Today, let's take a look at everyone's favorite matrix application problem, Leontief input-output models. You might know them simply as "technology matrix" problems, but actually the technology matrix is only one part of the problem. The really interesting part is in the derivation of the matrix equation - something that most finite math courses seem to gloss over in the end-of-semester frenzy.
So, let's take a look at a typical "technology matrix" problem, and see if we can't understand how the problem actually works. Hopefully, it will make it easier to remember than an arbitrary formula.
Example: An economy consists of two codependent industries - steel and lumber. It takes 0.1 units of steel and 0.5 units of lumber to make each unit of steel. It takes 0.2 units of steel and 0.0 units of lumber to make each unit of lumber. The economy will export \(16\) units of steel and 8 units of lumber next month. How many units of steel and lumber will they need to product to meet this external demand?
The crucial thing to understand about these problems is that both industries need some of each product (possibly including their own) to make more of that product. It's the old "you gotta spend money to make money" routine. So, in order to make steel, the steel plant needs a little bit of steel (hopefully less than it is producing), along with some lumber. The lumberyard also needs some steel and lumber to make more lumber. This might be particularly relatable if you've ever played a game that involves gathering and spending resources, like Age of Empires or Settlers of Catan.
The next thing to understand is that the problem is asking us for how much of each resource we need to produce - which will be more than the amount we're exporting. Why? Because some of the steel and lumber we produce goes back into the two industries to meet the production (which itself requires some steel and lumber, and so on).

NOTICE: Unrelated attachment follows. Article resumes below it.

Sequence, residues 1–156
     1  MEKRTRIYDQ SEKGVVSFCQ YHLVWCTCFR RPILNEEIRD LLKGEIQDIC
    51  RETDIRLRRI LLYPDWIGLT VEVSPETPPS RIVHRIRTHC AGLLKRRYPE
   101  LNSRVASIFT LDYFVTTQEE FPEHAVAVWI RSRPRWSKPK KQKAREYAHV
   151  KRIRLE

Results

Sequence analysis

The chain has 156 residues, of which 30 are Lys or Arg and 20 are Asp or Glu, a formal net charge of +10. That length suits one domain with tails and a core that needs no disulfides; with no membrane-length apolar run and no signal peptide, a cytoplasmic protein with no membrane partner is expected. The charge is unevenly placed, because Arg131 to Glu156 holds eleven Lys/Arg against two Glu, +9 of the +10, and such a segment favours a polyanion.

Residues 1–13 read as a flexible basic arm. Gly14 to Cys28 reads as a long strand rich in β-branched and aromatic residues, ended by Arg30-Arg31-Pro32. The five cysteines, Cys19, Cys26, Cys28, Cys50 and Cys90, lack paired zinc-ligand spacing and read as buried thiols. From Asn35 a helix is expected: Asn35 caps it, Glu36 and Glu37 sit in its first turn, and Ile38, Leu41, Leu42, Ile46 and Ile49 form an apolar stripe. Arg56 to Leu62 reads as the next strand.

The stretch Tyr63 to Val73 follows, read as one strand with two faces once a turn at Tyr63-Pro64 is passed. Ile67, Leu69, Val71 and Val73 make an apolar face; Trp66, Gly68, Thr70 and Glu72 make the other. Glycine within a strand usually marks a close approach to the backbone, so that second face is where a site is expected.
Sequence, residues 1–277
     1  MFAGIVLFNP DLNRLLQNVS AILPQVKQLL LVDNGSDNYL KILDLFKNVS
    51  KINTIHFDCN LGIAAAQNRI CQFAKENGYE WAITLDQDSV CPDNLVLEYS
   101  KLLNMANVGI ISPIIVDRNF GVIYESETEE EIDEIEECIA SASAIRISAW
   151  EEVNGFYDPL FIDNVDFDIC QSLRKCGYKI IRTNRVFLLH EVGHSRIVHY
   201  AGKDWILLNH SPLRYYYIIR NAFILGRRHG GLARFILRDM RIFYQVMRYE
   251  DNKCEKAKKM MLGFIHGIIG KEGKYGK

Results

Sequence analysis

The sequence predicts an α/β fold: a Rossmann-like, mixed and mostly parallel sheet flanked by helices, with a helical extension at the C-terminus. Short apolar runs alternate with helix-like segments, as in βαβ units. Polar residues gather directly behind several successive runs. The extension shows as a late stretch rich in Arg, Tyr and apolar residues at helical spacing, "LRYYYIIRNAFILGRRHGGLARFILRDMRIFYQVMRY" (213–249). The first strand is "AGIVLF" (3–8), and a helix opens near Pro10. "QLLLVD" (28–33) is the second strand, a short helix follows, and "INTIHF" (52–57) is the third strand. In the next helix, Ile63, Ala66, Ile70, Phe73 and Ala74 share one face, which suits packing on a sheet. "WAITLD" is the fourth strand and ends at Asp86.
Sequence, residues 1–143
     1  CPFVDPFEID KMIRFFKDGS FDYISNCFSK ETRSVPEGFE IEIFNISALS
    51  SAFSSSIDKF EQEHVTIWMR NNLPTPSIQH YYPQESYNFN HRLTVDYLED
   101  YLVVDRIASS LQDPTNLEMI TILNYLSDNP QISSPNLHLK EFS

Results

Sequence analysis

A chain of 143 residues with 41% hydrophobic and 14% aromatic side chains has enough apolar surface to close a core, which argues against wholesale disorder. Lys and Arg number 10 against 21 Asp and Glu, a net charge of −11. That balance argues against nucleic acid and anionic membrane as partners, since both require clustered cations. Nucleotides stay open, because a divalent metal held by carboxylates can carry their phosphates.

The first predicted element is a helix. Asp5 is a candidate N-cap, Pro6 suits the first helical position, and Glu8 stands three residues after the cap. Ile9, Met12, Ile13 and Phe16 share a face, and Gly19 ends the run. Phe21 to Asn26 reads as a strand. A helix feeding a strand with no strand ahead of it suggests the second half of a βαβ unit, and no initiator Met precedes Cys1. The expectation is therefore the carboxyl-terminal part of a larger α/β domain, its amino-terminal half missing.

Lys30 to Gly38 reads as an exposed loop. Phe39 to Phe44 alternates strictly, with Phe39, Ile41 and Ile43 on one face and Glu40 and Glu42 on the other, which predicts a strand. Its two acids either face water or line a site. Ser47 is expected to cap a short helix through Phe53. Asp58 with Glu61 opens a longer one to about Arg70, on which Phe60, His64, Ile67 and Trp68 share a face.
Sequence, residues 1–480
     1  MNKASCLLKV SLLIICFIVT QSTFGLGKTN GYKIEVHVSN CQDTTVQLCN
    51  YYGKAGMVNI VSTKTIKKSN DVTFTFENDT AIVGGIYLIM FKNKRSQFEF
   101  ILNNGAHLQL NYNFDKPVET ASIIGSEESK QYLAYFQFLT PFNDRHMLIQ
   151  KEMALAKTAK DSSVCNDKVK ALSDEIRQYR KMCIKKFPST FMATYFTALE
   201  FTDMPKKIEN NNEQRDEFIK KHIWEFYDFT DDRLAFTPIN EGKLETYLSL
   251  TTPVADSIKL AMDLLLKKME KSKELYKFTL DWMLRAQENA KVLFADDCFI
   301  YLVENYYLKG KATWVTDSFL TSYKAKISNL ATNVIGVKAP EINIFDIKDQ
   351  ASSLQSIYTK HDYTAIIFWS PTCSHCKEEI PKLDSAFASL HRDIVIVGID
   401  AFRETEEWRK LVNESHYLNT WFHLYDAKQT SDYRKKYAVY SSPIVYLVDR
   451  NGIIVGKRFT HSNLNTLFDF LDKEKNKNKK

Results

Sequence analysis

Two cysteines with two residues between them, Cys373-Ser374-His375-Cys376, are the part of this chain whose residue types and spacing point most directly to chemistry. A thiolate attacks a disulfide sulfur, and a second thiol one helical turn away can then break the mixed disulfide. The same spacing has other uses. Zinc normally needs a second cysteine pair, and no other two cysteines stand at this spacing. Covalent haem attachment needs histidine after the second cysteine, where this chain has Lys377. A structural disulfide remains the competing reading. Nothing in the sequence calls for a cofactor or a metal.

For both resources, the production can be broken into three parts:
In the case of our steel-and-lumber operation, we can write two equations:
Next, let's try to write these equations more mathematically. The problem tells us to define \(x\) and \(y\) such that:
Now, let's figure out expressions for the total steel needed for production of more steel and lumber. These are going to depend on \(x\) and \(y\), since \(x\) and \(y\) represent the amount of steel and lumber we're producing. Well, the problem tells us that it takes 0.1 units of steel for each unit of steel, and 0.2 units of steel for each unit of lumber:
So notice that by dimensional analysis, both of these terms are referring to an amount of steel.
We can use the same thought process to find the amounts of lumber needed for producing steel and lumber:
Substituting these expressions, along with the external demands, into our overall production equations, we get:
Notice that the first equation says that the total amount of steel we need to produce \((x)\) depends on itself \((0.1x)\), as well as the total amount of lumber we need to produce \((0.2y)\) and the amount we need to export (\(16)\).
Great, we've turned our problem into math! But, how do we solve it? Well, these are matrix application problems, after all. So let's rewrite this system of equations as a matrix equation:
Matrix \(A\) is now our infamous "technology matrix", and the vector \(d\) is the demand vector. We can also define a production vector:
We can thus write our equation more compactly:
where our goal will be to solve for \(p\). How do we do this? Well, it's (almost) like solving a regular, non-matrix equation - we need to group like terms.
The only question is, how do we group those like terms? Well normally, we'd factor out the \(p\) from both terms, and we'd have \((1-A)p\). The only problem is that we can't subtract \(A\) (which is a matrix) from the number 1 (which is not a matrix). We need to use the "matrix equivalent" of the number 1 - the identity matrix!
With the 2x2 identity matrix, we can now write:
We already know \(A\), so we can find \((I-A)\) by subtracting the corresponding elements:
We also know \(d\), the demand vector, so we can set up an augmented matrix that lets us solve for \(p\):
We'll multiply the whole thing by 10, to make the arithmetic a little bit easier. Now, we can start performing row operations to solve the augmented matrix:
So now, the right-hand column has the solution for \(p\)!
I hope this made sense, and good luck on finals!